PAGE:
Situation – Rushed Decisions
New government regulations in the area of privacy has dictated a new project addressing privacy of customer records across their support services portfolio. The project team is overworked and the project decisions they are faced with can be controversial and difficult. Lately when the team gathers for meetings to make important decisions they feel rushed for time. Although none of them want to admit it, their project decisions are often rubber stamped or treated as unimportant just so that they can move on and get out of the meeting.
Since this has happened repeatedly on this project they are all feeling disgusted with themselves as well as demoralized. They are the project management “team” and they will all be held accountable for the success of the project. However, at this rate none of them truly thinks it will end successfully due to the poor decisions that have been made and continue to be made.
What Project Management Tools & Techniques Should be Used?
This has mildly dysfunctional written all over it and it is very, very common. This situation goes ignored in many organizations much too often.
Tools and techniques that can help include the following:
Gradients of Agreement Chart. Asking meeting participants for their level of agreement, based on a gradients of agreement chart, provides people with an easy way to verbalize their level of agreement to a decision. It also saves time by allowing the group to quickly determine if they are all in agreement. If they all already agree, in-depth conversation may not be required. If they are not in agreement, it provides the forum for those with differing opinions to articulate their points of contention.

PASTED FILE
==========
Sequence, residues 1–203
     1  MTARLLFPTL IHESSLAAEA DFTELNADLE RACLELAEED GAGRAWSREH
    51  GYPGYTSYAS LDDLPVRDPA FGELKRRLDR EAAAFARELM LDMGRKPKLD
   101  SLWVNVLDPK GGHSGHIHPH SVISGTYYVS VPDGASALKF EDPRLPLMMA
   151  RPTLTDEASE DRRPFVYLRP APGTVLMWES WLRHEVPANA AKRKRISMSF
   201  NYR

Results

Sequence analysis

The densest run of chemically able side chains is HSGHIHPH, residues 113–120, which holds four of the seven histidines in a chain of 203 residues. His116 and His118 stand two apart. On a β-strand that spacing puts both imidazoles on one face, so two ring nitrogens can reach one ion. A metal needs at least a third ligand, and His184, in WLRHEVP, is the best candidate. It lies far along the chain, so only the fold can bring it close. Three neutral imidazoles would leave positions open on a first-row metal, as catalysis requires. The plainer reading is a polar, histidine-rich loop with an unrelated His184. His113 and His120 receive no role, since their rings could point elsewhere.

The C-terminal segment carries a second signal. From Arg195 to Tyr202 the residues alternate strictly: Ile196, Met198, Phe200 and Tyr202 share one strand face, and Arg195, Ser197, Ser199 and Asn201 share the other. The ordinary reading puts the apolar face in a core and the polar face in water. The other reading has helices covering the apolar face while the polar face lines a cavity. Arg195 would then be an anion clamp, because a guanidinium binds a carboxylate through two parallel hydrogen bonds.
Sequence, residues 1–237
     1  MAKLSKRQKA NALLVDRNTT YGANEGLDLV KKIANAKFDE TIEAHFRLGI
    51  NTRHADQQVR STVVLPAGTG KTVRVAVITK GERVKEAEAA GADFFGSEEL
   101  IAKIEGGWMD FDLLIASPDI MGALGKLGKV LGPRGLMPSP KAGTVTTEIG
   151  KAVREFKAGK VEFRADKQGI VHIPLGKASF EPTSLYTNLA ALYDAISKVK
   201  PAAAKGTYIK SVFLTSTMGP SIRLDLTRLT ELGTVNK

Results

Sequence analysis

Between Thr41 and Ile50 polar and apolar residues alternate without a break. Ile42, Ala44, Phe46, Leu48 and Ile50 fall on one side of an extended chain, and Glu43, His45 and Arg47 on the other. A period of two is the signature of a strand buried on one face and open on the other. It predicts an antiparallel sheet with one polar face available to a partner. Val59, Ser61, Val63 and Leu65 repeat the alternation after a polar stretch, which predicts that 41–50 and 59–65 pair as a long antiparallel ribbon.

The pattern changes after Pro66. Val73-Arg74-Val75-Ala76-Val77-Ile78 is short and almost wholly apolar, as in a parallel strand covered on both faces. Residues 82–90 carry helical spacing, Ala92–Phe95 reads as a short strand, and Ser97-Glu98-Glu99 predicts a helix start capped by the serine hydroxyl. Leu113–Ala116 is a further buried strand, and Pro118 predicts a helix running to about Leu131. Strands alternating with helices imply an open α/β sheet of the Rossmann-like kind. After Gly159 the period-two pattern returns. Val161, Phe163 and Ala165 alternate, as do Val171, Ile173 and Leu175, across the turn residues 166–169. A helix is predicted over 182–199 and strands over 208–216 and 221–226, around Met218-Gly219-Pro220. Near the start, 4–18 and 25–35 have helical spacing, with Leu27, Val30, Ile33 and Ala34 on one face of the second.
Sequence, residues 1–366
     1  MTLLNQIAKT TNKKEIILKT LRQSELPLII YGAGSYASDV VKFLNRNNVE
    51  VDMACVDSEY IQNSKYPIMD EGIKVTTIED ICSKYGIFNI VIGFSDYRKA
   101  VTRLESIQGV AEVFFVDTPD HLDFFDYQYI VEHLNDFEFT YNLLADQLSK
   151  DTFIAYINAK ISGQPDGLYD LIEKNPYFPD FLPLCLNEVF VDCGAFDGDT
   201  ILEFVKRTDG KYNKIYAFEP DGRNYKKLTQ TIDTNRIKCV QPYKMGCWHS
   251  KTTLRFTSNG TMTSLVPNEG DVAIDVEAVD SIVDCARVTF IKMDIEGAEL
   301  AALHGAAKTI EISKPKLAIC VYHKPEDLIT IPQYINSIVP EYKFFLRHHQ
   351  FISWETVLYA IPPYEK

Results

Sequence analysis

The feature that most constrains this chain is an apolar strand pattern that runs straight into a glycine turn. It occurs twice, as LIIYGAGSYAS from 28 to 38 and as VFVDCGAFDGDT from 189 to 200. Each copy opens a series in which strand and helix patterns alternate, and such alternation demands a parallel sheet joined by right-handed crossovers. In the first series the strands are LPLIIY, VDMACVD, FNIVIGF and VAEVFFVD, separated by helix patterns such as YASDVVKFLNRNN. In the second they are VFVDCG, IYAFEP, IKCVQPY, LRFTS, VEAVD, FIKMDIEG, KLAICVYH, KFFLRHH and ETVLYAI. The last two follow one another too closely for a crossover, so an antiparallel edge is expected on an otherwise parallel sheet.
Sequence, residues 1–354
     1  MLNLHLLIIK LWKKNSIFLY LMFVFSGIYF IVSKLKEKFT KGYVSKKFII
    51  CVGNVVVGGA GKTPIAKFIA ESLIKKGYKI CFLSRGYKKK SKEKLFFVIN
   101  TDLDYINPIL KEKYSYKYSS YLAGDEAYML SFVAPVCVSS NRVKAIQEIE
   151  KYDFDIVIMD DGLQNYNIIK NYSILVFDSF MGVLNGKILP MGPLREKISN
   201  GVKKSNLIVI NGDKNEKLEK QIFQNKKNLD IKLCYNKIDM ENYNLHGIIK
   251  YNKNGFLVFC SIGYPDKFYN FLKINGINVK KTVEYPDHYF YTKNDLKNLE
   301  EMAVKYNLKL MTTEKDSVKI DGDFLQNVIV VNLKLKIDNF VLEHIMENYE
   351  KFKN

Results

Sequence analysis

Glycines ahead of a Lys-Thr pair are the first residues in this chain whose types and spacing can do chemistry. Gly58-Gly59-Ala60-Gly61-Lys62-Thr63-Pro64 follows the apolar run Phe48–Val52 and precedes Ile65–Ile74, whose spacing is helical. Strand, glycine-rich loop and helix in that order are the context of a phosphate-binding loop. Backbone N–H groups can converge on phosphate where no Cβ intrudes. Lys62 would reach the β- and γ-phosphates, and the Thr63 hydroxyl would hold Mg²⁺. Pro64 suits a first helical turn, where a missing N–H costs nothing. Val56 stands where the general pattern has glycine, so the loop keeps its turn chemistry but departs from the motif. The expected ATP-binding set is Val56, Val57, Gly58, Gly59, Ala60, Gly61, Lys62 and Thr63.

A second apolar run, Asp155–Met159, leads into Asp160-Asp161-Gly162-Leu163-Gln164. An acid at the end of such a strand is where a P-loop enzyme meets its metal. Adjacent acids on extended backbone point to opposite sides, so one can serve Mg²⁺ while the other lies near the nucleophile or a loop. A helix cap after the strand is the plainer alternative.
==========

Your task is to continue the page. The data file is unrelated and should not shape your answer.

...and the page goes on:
RAM. The responsibility assignment matrix will help make sure that only the right people are involved with the meetings and with certain types of decisions. And if you still find them all ambivalent, add the Devil’s advocate role to the RAM.
Consult with SMEs. Sometimes work and technical expertise is best handled by subject matter experts from outside your direct project team… especially when your team is overworked and has developed a history of not making great decisions on this project.
Network diagrams and workload leveling. Showing the flow of the project work would help you show and better plan the work for your project team. This should help in performing workload leveling, which will protect your team from being too overworked.
Be a motivating project leader. In addition to being a great project manager, also either gain the support of the sponsor for the project leader role, or take it on the leadership responsibilities of inspiring teamwork, align employees, motivating and supporting the team.